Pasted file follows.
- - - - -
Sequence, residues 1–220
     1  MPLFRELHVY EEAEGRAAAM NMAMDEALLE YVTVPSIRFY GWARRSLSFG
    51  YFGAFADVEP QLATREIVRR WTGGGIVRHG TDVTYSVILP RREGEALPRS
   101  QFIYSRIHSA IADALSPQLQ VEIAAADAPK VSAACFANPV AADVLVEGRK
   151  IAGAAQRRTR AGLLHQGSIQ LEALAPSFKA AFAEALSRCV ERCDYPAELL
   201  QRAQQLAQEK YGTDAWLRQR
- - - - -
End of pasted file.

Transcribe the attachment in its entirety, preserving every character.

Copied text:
Sequence, residues 1–220
     1  MPLFRELHVY EEAEGRAAAM NMAMDEALLE YVTVPSIRFY GWARRSLSFG
    51  YFGAFADVEP QLATREIVRR WTGGGIVRHG TDVTYSVILP RREGEALPRS
   101  QFIYSRIHSA IADALSPQLQ VEIAAADAPK VSAACFANPV AADVLVEGRK
   151  IAGAAQRRTR AGLLHQGSIQ LEALAPSFKA AFAEALSRCV ERCDYPAELL
   201  QRAQQLAQEK YGTDAWLRQR